As mentioned in the previous post about the new Arts Council director, which was prepared before the official announcement, the Department of Arkansas Heritage announced today that Missy McSwain, longtime director of the Arkansas Historic Preservation Program, has resigned. Her resignation takes effect March 15.
The word is out that Patrick Ralston, who has been an analyst with the Legislative Bureau of Legislative Research and previously worked with the Department of Arkansas Heritage in the Historic Preservation Program, is the new Arkansas Arts Council director.
Michael Warrick and Aaron Hussey glass and steel sculpture, "Straight Lines on a Round World," which celebrates the 200th anniversary of the Louisiana Purchase survey, has been installed outside the Statehouse Convention Center.
To get into the "Small Works on Paper" show, you have to prove you can make fine art no larger than 18 by 24 inches. Here are the 36 artists who satisfied the Arkansas Arts Council's judges for the 30th annual traveling exhibition, which opens Jan. 3 at the East Arkansas Community College Fine Arts Center in Forrest City:
"William Dunlap, Landscape and Variable, Recent Works" opens Friday, Dec. 18, at Greg Thompson Fine Art, one of 11 venues open 5-8 p.m. Friday for Argenta ArtWalk. Dunlap is a Virginia painter whose work reflects on Southern culture and history; the show runs through Feb. 11. Thompson is at 429 Main St.
Prepare for a busy 2nd Friday Art Night tomorrow night, where folks will be celebrating Matt McLeod Fine Art's first anniversary, listening to the Arkansas Chamber Singers at the Old State House Museum, prefacing a performance by Richard Leo Johnson with an exhibition of his photographs at the Butler Center Galleries, hearing a talk and demonstration by Robert Bean about his creative process at Arkansas Capital Corp., and slinging back eggnog while seeing new works by Rex Deloney at the Historic Arkansas Museum. Read more about Johnson, the Chamber Singers and 2nd Friday Art Night here.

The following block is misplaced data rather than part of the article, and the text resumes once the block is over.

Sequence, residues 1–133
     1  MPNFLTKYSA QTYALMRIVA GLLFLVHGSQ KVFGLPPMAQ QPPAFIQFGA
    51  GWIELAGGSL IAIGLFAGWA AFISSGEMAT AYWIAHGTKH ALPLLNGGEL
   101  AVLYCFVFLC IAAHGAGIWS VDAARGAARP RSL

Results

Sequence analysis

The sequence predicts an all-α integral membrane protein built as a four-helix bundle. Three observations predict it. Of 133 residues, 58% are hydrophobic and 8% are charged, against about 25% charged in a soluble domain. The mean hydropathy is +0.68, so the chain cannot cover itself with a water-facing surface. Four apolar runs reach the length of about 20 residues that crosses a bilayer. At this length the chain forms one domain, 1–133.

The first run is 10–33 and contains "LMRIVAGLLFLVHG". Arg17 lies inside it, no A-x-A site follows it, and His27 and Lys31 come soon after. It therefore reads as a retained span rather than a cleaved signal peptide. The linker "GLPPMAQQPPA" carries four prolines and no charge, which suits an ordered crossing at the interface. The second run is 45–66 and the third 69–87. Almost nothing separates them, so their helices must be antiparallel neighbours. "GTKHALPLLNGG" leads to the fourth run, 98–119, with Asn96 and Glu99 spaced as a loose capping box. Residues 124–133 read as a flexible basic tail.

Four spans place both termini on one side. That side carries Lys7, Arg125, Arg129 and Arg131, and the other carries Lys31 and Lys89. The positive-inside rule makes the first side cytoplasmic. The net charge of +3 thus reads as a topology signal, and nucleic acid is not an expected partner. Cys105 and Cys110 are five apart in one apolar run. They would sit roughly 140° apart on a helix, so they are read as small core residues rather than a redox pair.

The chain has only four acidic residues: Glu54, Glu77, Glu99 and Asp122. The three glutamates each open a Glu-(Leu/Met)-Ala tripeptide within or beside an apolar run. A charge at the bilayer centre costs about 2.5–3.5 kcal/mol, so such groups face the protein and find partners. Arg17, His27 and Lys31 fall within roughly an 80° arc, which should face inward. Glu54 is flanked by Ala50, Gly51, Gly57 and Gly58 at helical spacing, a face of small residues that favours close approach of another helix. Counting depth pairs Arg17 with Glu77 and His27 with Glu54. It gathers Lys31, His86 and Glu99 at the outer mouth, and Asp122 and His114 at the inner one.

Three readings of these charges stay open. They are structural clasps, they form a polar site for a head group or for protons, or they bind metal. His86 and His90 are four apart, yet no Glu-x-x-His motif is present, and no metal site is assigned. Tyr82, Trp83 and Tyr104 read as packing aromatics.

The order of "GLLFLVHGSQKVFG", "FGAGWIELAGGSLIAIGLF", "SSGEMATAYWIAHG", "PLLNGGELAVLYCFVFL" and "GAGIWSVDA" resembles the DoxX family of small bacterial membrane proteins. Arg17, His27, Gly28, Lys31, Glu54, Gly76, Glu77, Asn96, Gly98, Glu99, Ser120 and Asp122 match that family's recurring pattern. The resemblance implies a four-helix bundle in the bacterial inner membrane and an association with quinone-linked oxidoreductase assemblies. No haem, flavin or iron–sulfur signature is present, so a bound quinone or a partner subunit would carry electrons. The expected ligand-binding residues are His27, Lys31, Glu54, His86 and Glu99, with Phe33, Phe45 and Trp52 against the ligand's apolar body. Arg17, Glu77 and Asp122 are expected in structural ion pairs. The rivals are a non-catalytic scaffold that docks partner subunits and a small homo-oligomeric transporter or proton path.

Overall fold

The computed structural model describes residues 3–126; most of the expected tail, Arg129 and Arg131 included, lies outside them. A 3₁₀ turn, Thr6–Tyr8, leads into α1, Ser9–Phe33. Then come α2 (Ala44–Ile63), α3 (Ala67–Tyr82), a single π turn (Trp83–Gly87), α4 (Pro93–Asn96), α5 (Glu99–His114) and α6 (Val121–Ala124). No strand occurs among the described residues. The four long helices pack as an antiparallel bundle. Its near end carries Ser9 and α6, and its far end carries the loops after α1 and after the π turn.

Mason Archie and Arkansas-born artist Larry Wade Hampton will be at Hearne Fine Art from 5:30-8 p.m. Friday and give talks 3-5 p.m. Saturday in connection with their exhibition, "Landscapes Unmasked," which also includes work by Dean Mitchell and 19th century African-American artists Robert S. Duncanson and Edward M. Bannister.
Ken McCown, department head and professor of landscape architecture at the Fay Jones School of Architecture and Design at the University of Arkansas, will give a talk tonight at the Arkansas Arts Center on the changing role of designers.
The 48th "Collectors Show and Sale" opens tomorrow (Nov. 11) at the Arkansas Arts Center with about 150 works from New York galleries, all selected by the arts center's Collectors Group in its September trip to the Big Apple.
The removal of a photograph of a woman worshiping before a semi-erect penis from the Fayetteville Underground gallery caused a mass exodus of the gallery's "resident artists" in October, including such well-known Ozark artists at Hank Kaminsky, Sabine Schmidt, William Mayes Flanagin, Mike Haley, Susie Siegele, Ed Pennebaker and the photographer whose work was censored, Alli Woods Frederick.
Watercolor artist William McNamara, whose home borders the Upper Buffalo Wilderness Area and has made a career of careful rendering of his Ozarks environs, opens a show of new work today at Studio 454, 454 Center St., in Fayetteville. Reception is from 5 p.m. to 10 p.m. tonight; the show runs through Nov. 27. Studio 454 is the office of architect Dan McKee.
Kat Wilson's exhibition "Habitats: Bentonville" feature her iconic biographical story-telling compositions of people amid their possessions. But Wilson's Bentonville series, which opens Friday, Nov. 4, at the The Foundation as part of its The Art Department series, departs from her traditional way of working: She's allowed the subjects to compose their own environments, to let them have more say in their story.
It was a long but fascinating day at the Arkansas Arts Center as the five architecture firms chosen as finalists for to renovate and add on to the Arts Center presented their philosophies of work and their ideas on how to meet the Arts Center's desire to connect to the park and city. This will be a skeletal rundown of what I heard today over five hours, with more detail to come later.
When President-elect Trump announced he would, in a few days, force Congress to enact comprehensive health insurance for everyone, poor or rich, that would provide better and cheaper care than they've ever gotten, you had to wonder whether this guy is a miracle worker or a fool.